“Tough customers help to improve the service level in a country.” Michelle said. I love this idea. If there is no complain from customers and no feedback, the service industry cannot improve. I have been in the customer service business for 5 years and my bar for service is high. I tend to comment on the service level of any service provider in Shanghai. I was a really tough customer for LG last Sunday.
I bought a LG Air-Condition from Yongle, the largest home applicant shopping malls in Shanghai. They shipped the A/C to my home one day before and a group of worker came to install them the next day.
To my surprise, four persons rushed to my house to install one small A/C. They didn’t wear uniform and didn’t seem to receive any education. There are many details that I can tell that they didn’t get any training before they arrive. The result was, they installed the AirCon inproperly and made my wall very dirty.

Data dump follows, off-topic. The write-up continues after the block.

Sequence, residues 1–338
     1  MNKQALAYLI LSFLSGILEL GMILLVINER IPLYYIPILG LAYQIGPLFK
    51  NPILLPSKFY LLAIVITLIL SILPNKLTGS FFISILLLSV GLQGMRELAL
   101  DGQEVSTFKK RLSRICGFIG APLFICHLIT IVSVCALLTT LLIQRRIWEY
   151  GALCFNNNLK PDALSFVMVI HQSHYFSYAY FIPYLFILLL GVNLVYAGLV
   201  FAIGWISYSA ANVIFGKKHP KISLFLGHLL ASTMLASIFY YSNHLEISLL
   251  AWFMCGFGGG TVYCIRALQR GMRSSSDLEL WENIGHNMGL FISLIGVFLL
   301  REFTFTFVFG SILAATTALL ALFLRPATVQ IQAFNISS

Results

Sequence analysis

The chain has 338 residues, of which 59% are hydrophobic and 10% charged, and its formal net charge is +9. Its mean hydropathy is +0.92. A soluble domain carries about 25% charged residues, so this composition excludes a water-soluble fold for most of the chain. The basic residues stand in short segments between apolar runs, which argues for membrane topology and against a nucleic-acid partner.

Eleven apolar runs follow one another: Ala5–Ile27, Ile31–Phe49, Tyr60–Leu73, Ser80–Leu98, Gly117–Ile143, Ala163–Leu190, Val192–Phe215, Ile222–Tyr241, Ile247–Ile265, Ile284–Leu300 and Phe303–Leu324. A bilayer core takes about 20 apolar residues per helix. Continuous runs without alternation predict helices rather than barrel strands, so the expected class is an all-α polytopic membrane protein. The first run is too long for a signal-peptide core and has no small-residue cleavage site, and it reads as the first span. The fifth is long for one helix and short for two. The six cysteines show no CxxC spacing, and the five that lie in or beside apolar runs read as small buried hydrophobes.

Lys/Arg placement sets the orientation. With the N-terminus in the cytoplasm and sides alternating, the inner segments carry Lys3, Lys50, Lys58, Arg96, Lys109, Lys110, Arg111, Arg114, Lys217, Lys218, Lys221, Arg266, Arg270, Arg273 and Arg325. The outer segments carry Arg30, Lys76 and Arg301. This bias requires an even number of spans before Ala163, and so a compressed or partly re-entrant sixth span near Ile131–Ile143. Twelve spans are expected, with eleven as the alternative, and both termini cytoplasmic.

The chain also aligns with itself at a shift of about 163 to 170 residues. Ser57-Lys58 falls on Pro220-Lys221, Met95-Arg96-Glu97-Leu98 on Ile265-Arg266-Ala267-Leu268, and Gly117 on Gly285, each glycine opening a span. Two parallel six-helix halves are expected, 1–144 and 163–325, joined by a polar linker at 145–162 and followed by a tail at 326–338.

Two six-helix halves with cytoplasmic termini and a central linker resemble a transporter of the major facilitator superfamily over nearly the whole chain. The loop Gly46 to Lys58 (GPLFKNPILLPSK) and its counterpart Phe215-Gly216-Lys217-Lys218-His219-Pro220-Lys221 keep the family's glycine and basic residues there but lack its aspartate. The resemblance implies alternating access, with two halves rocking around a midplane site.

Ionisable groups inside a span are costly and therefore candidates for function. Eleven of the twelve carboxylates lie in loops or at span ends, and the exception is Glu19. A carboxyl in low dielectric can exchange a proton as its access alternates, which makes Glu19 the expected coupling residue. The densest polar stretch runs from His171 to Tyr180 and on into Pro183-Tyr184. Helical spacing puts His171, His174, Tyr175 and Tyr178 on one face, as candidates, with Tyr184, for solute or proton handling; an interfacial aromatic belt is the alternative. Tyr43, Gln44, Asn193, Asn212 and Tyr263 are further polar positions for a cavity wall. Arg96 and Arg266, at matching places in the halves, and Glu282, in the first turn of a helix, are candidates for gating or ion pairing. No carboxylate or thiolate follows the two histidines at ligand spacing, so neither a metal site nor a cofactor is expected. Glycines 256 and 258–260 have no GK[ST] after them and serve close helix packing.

I shouted and asked them to leave my house immediately. In the next 30 minutes, I placed three telephone calls: One to LG, one to Yongle and one to the manager of the installation company. I recorded the name of everyone I talked with and kept detailed reference. In the phone calls, I referenced the Consumer Protection Laws and evidence. I know the details because I often call the legal assistance hotline 12348 to learn legal knowledge. The manager of the installation service provider was very frightened because he knew my strong complain to LG will easily remove his company from the vender list from LG. LG was worried because they learnt, to send people (for whatever reason) without training and special certificate to install dangerous equipments like AirCon broke the laws and regulations.